The Deckvest Lite takes several of the key features of the Deckvest Pro-Sensor and packs them into a comfortable, streamlined PFD-harness that weights just over 2 pounds. Aimed at round-the buoy racers, kayakers, paddleboarders, and fishermen who favor an inflatable design with minimal belts and buckles to snag, the vest is quick to slip on and easy to adjust. It has an attachment loop for the safety lanyard of a belt-mounted PLB or VHF. The wide, padded waist belt was comfortable, but when testers cinched the jacket tight to prevent it from riding up, the rubberized adjustment buckle in the back caused minor discomfort. This buckle would not be a problem when the Deckvest Lite is worn over clothing or worn more loosely with the optional crotch strap to prevent it from riding up. The PFD comes in a variety of colors, including pink, that we presume are meant to appeal to women, and our women testers rated it slightly more comfortable than other designs they had tried. One problem for many women is that most inflatable PFDs are not designed for wearers shorter than 5 feet, 5 inches. (In the U.S., the average height for women is about 5 feet, 4 inches.) The chief risk for petite wearers is that the PFD might slip off in the water if not equipped with a crotch strap. You should always test a PFD for fit in the water while it is inflated.
Bottom line: Spinlocks inflatable PFDs conform well to the body, look sharp, and offer key safety features that will appeal to serious sailors. The lack of Coast Guard certification is not relevant to most of us, but the high price is. These vests are not cheap, but they come with a two-year warranty (extendable to five), and Spinlocks Through Life Support program. Neither Deckvest is super light relative to its peers. The 3-pound, 1-ounce Pro-Sensor is heavier than most of the previous PFD-harnesses weve tested, while the 2-pound, 1-ounce Deckvest Lite-despite its name-weighs more than the lightweight inflatable PFDs weve tested. Testers were most impressed with the survival-oriented design when inflated, the user-serviceable Pro-Sensor inflation system and the minimal belts, buckles, and flapping material on both PFDs. Both earn Recommended ratings.
All three of the Stohlquist PFDs we tested meet USCG Type III standards. Both the Stohlquist Rocker and the Stohlquist Drifter, which we reviewed with other junior PFDs last month (PS, June 2013), provide outstanding fit, freedom of movement, and excellent buoyancy. The chief difference between the two is the location of the zipper and the degree of adjustability. The Rocker is more adjustable and has a handy mesh pocket in front. The Drifter has a front zip and two slash pockets on the front.
All three Stohlquist PFDs also have pockets and attachment points for PLBs or other personal electronics. This and their exceptional buoyancy make them more suitable for offshore use than the other non-inflatable PFDs in our test. The high-cut style makes them a good choice for kayakers as well. Although the contoured foam was extremely comfortable, the bulk of the flotation in the chest can get in the way when you are sitting and try to bend over (as you would when ducking under the low boom of a Laser). In addition, the exposed buckles in the shoulder straps can snag on lines.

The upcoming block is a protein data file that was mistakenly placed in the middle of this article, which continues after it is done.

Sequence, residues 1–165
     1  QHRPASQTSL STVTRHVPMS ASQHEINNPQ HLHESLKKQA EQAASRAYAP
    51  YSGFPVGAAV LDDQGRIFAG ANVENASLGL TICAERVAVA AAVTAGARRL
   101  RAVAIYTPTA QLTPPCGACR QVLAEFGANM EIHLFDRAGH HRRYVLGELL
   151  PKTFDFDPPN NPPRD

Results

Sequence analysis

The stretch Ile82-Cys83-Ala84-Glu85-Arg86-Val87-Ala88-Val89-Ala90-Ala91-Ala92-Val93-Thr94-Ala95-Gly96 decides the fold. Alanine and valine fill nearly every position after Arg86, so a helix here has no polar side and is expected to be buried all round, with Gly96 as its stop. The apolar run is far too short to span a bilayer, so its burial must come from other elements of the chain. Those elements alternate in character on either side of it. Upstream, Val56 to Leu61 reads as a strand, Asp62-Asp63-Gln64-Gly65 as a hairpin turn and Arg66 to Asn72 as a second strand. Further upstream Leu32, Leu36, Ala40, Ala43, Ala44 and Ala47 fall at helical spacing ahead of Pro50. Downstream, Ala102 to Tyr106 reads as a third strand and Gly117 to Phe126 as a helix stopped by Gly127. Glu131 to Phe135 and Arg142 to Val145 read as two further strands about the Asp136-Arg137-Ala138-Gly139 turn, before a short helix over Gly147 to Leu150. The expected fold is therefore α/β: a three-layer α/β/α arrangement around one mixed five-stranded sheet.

The third Stohlquist we tested, the BetSEA, was designed specifically for women. One of Stohlquists distinguishing features is its carefully shaped foam inserts, and the BetSEA has been shaped to better fit womens torsos. Our women testers liked that the jacket conformed to their bodies, but they didn't find it significantly more comfortable than other vest-style life jackets.
Like the Rocker and the Drifter, the BetSEAs outer fabric is heavy-duty Cordura, and the well-padded shoulder straps have reflective piping. Eight adjustment points and a front zipper allow the BetSEA to be carefully fitted to any frame. Two front pockets and two lashing points-one on the front, one on the back-are available for PLBs, VHFs, or other personal gear. While the surplus of buckles might not appeal to racers looking for a streamlined, snag-free design, the BetSEA will hold great appeal for the multi-sport water enthusiast looking for a jacket that will last a lifetime.
Bottom line: Buoyancy and rugged construction are the Stohlquist PFDs strong points, as one would expect of a company with such a long background in running white water rivers. Some small-boat sailors seeking maximum mobility might prefer a Type III PFD with thinner front panels, but aggressive sailors looking for a versatile PFD that combines the body-hugging fit of the Compressor and the buoyancy of an inflatable, the Stohlquist PFDs deserve a good look. We gave all three of these jackets Recommended marks for their features and rugged construction.
Our experience with the PFDs in this test reiterated our belief that there is no one PFD for every person or circumstance. However reassuring it may be that regulatory bodies like the U.S. Coast Guard are paying attention to what enters the market, it is unfortunate that U.S. sailors-racing sailors in particular-are missing out on some of the most recent advances in PFD design. As mentioned, in most states it is perfectly legal for adults to sail (and canoe or kayak) while wearing one of the non-compliant PFDs, so long as you have a USCG-approved one onboard.
There are exceptions. New York state, for example, requires everyone on boats 21 feet long or shorter to wear a PFD between Nov. 1 and May 1, when cold water poses a significan’t risk. This raises an important point: No matter how sensible lightweight swimming aids may seem in summer or in a closely monitored near-shore race, all bets are off when boating in chilly weather, in cold-water areas where the shock of hitting the water is enough to cause a person to involuntarily aspirate water-a major cause of cold-water drowning. In places with swift currents, cold water, and rough conditions-think San Francisco Bay- the more sensible compromise between buoyancy and mobility is a buoyant Type III device with extra buoyancy, or an auto-inflating PFD that will keep your head up when you don’t have the strength to do it yourself.